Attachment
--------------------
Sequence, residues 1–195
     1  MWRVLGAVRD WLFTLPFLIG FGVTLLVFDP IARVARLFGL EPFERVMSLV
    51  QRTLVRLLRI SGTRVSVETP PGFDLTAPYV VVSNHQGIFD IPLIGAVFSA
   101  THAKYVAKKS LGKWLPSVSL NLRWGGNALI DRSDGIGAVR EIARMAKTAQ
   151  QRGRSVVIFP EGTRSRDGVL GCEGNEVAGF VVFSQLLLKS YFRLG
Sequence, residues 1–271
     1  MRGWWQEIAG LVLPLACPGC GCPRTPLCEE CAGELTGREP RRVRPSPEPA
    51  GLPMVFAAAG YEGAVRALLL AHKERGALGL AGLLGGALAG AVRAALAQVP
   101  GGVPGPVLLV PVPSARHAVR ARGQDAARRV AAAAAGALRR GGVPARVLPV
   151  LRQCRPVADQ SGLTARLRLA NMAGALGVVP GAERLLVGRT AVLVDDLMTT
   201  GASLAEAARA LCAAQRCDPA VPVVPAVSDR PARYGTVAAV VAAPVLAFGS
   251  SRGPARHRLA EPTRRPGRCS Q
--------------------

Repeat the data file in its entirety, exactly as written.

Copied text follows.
Sequence, residues 1–195
     1  MWRVLGAVRD WLFTLPFLIG FGVTLLVFDP IARVARLFGL EPFERVMSLV
    51  QRTLVRLLRI SGTRVSVETP PGFDLTAPYV VVSNHQGIFD IPLIGAVFSA
   101  THAKYVAKKS LGKWLPSVSL NLRWGGNALI DRSDGIGAVR EIARMAKTAQ
   151  QRGRSVVIFP EGTRSRDGVL GCEGNEVAGF VVFSQLLLKS YFRLG
Sequence, residues 1–271
     1  MRGWWQEIAG LVLPLACPGC GCPRTPLCEE CAGELTGREP RRVRPSPEPA
    51  GLPMVFAAAG YEGAVRALLL AHKERGALGL AGLLGGALAG AVRAALAQVP
   101  GGVPGPVLLV PVPSARHAVR ARGQDAARRV AAAAAGALRR GGVPARVLPV
   151  LRQCRPVADQ SGLTARLRLA NMAGALGVVP GAERLLVGRT AVLVDDLMTT
   201  GASLAEAARA LCAAQRCDPA VPVVPAVSDR PARYGTVAAV VAAPVLAFGS
   251  SRGPARHRLA EPTRRPGRCS Q